Fire cupping

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Fire cupping


Literal meaning:

pull-out jar



- Hanyu Pinyin:


Yue (Cantonese)

- Jyutping:

bat6 gun3

Fire cupping is a method of applying acupressure by creating a vacuum next to the patient's skin. In traditional Chinese medicine (TCM) it involves placing glass, plastic, or bamboo cups on the skin with a vacuum. The therapy is used to relieve what is called "stagnation" in TCM terms, and is used in the treatment of respiratory diseases such as the common cold, pneumonia, and bronchitis. Cupping is also used to treat back, neck, shoulder, and other musculoskeletal pain. Its advocates claim it has other applications as well. This technique, in varying forms, has also been found in the folk medicine of Vietnam, the Balkans, modern Greece, Mexico, and Russia, among other places, including Iran where it is called 'bod-kesh' meaning literally 'pull with air'.




Instead of using a vacuum pump, a vacuum is created by air (heated by fire) in a glass cup placed flush against the patient's skin. As the air cools in the cup, a vacuum forms that pulls up on the skin, stimulating the acupressure effect.

The cups are usually roughly bell shaped with a capacity of about 4 fluid ounces. Most commonly, a total of from 8 to 12 cups are applied to the subject's back in two parallel 'vertical' columns, midway between the spine and each edge of the body, spaced about 4 inches on center within each column. An interesting animation of the process may be found here [1] (requires Shockwave Flash).

There are several ways of heating the air in the cup with fire:

1. One can swab rubbing alcohol (minimum 90%) into the bottom of a cup, then light it and place the cup immediately against the skin. By creating the seal the immediate loss of oxygen puts the fire out, preventing the person from being burned. The smaller the amount of alcohol, and the quicker the flame is extinguished by application of the cup, the better, so long as there is no risk of the cups falling off due to lack of a proper seal.

2. One can hold the cup inverted over a flame (e.g. a lit candle), heating the air, then place the cup immediately against the skin. Care must be taken not to heat the glass itself. Even so, the person to whom the cup is applied will feel distinctly more heat than in the previous method.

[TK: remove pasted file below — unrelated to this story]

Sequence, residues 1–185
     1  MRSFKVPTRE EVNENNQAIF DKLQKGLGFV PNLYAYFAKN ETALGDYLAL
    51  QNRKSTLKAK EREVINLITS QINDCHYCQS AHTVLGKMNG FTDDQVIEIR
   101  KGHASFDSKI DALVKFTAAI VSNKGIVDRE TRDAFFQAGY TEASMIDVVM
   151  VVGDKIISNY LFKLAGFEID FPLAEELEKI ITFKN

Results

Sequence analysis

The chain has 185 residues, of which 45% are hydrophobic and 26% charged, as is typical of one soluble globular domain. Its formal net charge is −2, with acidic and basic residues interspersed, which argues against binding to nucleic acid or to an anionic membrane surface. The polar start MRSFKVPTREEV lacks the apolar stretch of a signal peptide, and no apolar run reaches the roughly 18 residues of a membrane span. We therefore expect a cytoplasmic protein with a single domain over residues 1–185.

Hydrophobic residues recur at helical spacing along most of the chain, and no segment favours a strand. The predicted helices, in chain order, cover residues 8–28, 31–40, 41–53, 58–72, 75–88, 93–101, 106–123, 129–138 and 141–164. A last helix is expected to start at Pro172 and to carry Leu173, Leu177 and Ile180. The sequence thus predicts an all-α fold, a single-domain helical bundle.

3. One can ignite a flame with a small alcohol-soaked cotton wad resting on a small pad of leather or other insulating material that rests directly on the patient's skin, then place the cup immediately over the flame, putting out the fire. The quickness with which the flame is extinguished depends on the size and shape of the cup.

Methods 1 and 2 heat the glass to some extent and have a risk of burning the patient if not carefully executed. Method 3 risks the cotton falling off the insulating pad onto the patient's skin, and leaves the pad and cotton wadding inside the adhering cup which could be considered cumbersome.

Baby oil massaged onto the skin first causes a better seal to form, making it possible to use this therapy with less heating of the cup. It is often possible to slide the adhered cup around on the skin, preserving the suction seal as it glides. Care must be taken not to move the cup over protruding moles, skin tags, scabs, etc.

Circular cupping marks one day after treatment

Circular cupping marks one day after treatment

The longer a cup is left on, the more of a circular mark is created. The skin pores are more open, and the patient may have a feeling like sunburn. An application of about 20 minutes is average, for the back; however this varies with the individual. In no case should the cups be left in place if the subject reports noticeable discomfort.

According to the American Cancer Society, "[a]vailable scientific evidence does not support cupping as a cure for cancer or any other disease"[1]. It can leave temporary unsightly marks on the skin and there is also a small risk of burns. Persons who claim this therapy to be beneficial report that its effect is a long lasting feeling of relaxation and invigoration. It is possible that whatever relief is obtained by this procedure is derived from the same principles that are employed in shiatsu massage, where instead of the outward sucking of the cups, strong inward pressure is directed at the muscles of the dorsal ribcage and abdomen.

Cupping was commonly used as a Eastern European Jewish folk remedy, with the Yiddish name באנקעס (bahnkes). [2] [3]

The proverb 'עס וועט העלפן ווי א טויטען באנקס (Es vet helfen vi a toiten bahnkes, literally "It would help like cupping a corpse") is used to opine that a course of action would be futile. [4] [3]

Wet cupping

In this variant, a form of bloodletting also called blood cupping, a small scratch or incision is made with a lancet prior to the cupping, and the pressure difference extracts blood from the skin.

Islamic traditional medicine uses this technique - called in Arabic hijamah or hijama - with a number of hadith supporting its recommendation and use by Muhammad (although Muhammad is said to have explicitly stated, roughly put, to have as much knowledge in things that need skill as any average person).


1.     ^ ACS :: Cupping (2007-05-23). Retrieved on 2007-06-21.

2.     ^ Cupping (2005-09-14). Retrieved on 2007-06-02.

3.     ^ a b Seicol, MD (1997-04-10). "Correspondence: Consequences of Cupping" (subscription required). New England Journal of Medecine 336 (15): 1109. PMID 9091826. Retrieved on 2007-06-02. 

4.     ^ List of Yiddish Words and Expressions. Retrieved on 2007-06-02